Conservation charity RSPB Northern Ireland has warned that the Environmental Farming Scheme (EFS), which is worth £100m to local landowners, must be approved by the Department of Finance before the Northern Ireland Assembly closes for business on the 26 January 2017.
If approval is not given, nature protection in Northern Ireland will take a major backwards step and we will start to see once common species disappear from the landscape.
Agri-environment funding is the only source of public money that is improving the sustainability of the wider countryside. This scheme has already faced several stumbling blocks, and it’s vital it gets over this current hurdle before it is too late.John Martin, Conservation team leader, RSPB NI
The EFS, which is the predecessor of the Northern Ireland Countryside Management Scheme (NICMS), will be a key mechanism in helping improve the sustainability of the wider countryside.
The EFS is designed to encourage landowners to protect and enhance the environment on their farmland.
This means landowners will be funded to put in place measures which will support threatened breeding wader species such as curlew (pictured) and lapwing, seed eating species such as yellowhammer and linnet and important habitats like peatland.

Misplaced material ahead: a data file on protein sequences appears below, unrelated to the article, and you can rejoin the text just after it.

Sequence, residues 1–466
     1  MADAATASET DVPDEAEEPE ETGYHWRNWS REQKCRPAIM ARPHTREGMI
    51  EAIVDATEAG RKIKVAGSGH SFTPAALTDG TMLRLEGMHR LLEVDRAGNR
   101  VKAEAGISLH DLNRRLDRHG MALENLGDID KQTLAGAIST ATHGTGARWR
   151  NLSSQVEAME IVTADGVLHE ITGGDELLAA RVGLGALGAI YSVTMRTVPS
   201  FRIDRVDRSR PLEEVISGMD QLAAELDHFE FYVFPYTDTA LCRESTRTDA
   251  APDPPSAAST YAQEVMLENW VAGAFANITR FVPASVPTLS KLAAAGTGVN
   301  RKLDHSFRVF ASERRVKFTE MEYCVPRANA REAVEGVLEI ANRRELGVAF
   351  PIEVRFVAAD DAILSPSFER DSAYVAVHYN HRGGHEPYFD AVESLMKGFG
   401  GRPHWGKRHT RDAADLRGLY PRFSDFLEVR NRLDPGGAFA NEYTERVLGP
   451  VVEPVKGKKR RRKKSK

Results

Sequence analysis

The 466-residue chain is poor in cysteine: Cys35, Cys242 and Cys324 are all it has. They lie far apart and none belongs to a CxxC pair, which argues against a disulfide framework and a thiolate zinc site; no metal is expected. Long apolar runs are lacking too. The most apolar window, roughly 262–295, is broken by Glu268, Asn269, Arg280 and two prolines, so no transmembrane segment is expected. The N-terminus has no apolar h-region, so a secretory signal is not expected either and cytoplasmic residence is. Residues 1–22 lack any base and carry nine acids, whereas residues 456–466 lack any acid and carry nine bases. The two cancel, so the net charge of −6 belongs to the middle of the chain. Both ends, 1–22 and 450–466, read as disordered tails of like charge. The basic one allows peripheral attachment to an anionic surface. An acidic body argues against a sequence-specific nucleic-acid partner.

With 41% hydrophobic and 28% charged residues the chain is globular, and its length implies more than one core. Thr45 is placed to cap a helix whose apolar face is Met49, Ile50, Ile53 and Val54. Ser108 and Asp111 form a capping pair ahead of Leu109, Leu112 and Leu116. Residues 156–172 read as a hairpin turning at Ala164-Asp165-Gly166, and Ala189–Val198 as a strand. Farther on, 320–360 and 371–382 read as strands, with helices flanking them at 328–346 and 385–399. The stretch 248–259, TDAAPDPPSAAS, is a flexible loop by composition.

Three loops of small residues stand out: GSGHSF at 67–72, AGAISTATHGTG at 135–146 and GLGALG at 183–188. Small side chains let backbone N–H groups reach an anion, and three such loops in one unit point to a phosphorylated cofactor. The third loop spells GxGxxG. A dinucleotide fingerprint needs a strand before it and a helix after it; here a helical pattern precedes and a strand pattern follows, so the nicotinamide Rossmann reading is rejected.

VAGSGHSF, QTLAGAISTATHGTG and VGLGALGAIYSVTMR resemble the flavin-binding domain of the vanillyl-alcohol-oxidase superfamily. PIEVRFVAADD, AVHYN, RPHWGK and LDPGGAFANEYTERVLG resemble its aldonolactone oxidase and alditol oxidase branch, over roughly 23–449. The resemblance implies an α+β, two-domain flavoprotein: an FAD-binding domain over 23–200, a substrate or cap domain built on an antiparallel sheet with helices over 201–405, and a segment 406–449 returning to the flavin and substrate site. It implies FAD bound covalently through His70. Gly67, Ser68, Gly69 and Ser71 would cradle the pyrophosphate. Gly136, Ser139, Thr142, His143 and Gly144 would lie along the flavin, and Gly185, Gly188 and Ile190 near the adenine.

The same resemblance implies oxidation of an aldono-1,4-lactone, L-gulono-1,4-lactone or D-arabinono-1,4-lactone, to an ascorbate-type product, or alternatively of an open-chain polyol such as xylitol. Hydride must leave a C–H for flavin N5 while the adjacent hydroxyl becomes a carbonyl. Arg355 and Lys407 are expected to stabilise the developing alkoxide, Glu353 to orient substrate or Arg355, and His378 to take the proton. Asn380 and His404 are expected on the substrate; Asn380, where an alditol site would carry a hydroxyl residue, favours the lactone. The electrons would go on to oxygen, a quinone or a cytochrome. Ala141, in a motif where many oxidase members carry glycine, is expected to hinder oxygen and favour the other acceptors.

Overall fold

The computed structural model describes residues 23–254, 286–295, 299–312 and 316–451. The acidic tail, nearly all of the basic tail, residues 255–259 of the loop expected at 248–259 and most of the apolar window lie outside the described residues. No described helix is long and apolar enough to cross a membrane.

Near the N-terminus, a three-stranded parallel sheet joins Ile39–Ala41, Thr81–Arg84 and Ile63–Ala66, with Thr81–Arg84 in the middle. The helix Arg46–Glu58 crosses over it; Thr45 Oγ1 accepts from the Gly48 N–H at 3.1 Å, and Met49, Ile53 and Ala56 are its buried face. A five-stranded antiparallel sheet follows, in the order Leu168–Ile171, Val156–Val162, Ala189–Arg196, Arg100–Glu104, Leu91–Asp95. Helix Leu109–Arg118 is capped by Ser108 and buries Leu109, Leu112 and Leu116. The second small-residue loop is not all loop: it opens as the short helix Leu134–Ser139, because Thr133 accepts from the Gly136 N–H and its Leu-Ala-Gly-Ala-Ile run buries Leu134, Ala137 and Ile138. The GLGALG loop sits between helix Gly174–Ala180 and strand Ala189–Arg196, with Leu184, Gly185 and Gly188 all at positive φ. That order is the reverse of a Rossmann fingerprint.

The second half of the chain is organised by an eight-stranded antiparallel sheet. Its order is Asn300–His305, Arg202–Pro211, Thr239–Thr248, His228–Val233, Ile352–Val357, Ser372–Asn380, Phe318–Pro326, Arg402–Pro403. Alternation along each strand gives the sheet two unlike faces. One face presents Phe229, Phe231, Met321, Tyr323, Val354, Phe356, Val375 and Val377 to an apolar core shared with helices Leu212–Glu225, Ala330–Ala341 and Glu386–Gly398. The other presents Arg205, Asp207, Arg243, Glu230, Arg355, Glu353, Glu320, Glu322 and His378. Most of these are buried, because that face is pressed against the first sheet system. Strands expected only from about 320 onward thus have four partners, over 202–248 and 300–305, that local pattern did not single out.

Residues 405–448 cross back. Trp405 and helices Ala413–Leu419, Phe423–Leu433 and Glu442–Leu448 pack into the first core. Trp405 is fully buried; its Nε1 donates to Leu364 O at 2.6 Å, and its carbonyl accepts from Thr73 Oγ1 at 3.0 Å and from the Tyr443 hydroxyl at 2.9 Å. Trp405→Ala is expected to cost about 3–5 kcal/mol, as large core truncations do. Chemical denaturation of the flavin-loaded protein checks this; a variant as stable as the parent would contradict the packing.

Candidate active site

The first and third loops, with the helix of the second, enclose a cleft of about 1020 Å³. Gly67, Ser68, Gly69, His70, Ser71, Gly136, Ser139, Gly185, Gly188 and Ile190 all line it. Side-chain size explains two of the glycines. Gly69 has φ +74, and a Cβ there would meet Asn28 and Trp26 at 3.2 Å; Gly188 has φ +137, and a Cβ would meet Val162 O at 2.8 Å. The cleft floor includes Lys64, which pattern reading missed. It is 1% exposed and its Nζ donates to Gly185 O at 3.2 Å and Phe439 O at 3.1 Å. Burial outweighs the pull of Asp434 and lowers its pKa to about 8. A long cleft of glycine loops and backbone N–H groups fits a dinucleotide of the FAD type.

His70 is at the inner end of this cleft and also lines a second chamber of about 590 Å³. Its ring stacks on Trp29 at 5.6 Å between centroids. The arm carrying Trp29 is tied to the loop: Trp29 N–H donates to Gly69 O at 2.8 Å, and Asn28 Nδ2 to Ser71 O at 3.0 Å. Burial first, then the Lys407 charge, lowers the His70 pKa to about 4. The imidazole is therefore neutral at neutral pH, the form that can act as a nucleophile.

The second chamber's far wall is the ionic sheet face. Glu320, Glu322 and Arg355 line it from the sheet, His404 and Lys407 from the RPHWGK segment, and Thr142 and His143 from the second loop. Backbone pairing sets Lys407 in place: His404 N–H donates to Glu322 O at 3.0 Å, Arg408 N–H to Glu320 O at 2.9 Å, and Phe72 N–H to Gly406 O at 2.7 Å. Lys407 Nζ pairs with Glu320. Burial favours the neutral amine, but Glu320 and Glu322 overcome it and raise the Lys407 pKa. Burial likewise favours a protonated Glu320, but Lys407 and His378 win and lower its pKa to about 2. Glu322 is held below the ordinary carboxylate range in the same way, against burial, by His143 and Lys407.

John Martin, conservation team leader at RSPB NI, said: “Agri-environment funding is the only source of public money that is improving the sustainability of the wider countryside.
“This scheme has already faced several stumbling blocks, and it’s vital it gets over this current hurdle before it is too late. The current situation is unacceptable, unsustainable and flies in the face of all the hard work many farmers have being doing in since NICMS ended.”
He added: “The EFS not only puts measures in place for species and habitats but also has the potential to benefit people and places.
“For example through protective measures against water pollution in high risk areas, and planting trees in the right places to help with climate change.
“Agri-environment has proved to be value for money across the UK and Europe in the past, and it will remain a vital part of the Common Agriculture Policy, with or without the UK.”